Michael’s Biography

In 1977, after a stint simultaneously playing drums in a BeBop jazz band, bussing tables in a restaurant and doing personal photography, Michael Lichter decided he was a better photographer than drummer and hung up the sticks. He had already been riding his 1971 Harley-Davidson Shovelhead (which he still owns) for a year and had started photographing bikers. Michael exhibited this work in art exhibitions over the next few years where it was purchased for both public and private collections, but by 1979, Easyriders Magazine started to publish his work and he began shooting assignments directly for them. By 1981, he returned to Sturgis for the 3rd time, now for Easyriders for whom he has returned there ever since.

As Michael’s association with Easyriders developed and after a 1981 solo exhibition at the Gallery of Photography in Dublin, Ireland that was boycotted by the League of Decency, Michael became disillusioned with the “art world” and focused entirely on shooting for publication and developing his commercial advertising and corporate photography career.  The following year, he opened a studio in Boulder, Colorado that he works out of to this day.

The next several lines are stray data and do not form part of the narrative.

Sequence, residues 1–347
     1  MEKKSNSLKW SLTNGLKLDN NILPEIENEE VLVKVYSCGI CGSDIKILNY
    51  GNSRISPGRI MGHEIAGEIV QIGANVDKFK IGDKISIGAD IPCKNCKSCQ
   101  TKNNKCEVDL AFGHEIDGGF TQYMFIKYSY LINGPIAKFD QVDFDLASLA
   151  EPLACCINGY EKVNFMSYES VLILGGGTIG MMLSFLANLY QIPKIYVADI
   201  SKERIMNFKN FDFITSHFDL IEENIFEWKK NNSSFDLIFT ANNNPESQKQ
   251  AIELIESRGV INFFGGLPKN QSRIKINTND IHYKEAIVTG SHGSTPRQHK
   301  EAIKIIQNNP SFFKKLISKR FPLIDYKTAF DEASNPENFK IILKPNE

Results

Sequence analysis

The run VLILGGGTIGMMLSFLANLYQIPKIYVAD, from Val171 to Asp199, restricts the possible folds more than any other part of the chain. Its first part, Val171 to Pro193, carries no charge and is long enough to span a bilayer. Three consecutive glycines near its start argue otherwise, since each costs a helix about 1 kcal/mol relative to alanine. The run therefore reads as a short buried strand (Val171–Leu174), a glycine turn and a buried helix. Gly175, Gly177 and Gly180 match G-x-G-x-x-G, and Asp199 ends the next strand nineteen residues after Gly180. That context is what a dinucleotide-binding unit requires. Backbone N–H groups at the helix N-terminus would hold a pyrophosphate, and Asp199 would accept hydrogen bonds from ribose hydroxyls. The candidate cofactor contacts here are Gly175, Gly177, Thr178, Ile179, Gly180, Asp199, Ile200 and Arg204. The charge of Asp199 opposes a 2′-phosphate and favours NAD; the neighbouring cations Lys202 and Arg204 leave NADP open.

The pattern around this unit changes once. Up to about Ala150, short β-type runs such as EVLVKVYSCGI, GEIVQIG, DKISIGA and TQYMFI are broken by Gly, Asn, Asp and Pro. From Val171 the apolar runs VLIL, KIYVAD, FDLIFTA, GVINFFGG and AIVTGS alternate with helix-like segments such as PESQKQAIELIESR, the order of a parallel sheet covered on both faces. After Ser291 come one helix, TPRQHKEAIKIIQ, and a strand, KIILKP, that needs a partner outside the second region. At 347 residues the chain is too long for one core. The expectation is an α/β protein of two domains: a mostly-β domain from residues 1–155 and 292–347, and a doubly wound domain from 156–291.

Michael is now credited with 11 large format books on motorcycling, as well as more than 1200-magazine articles, numerous calendars, advertisements, posters and many other forms of printed materials on the subject. In the last few years, his shooting has focused almost exclusively on motorcycling in one form or another and his assignments can take him anywhere in the US, or around the globe. Since 2000, Michael returned to the art world when he started to again exhibit his limited edition photographs in galleries and museums, both in the US and abroad – work which has also been profiled in motorcycle and photography magazines, several television documentaries and by Nikon cameras. The annual Motorcycles as Art display that Michael curates at the Sturgis Buffalo Chip’s Lichter Exhibition Hall, now in its 16th-year, has become the most celebrated exhibition of its kind, providing Sturgis rally-goers with a memorable and irreplaceable experience.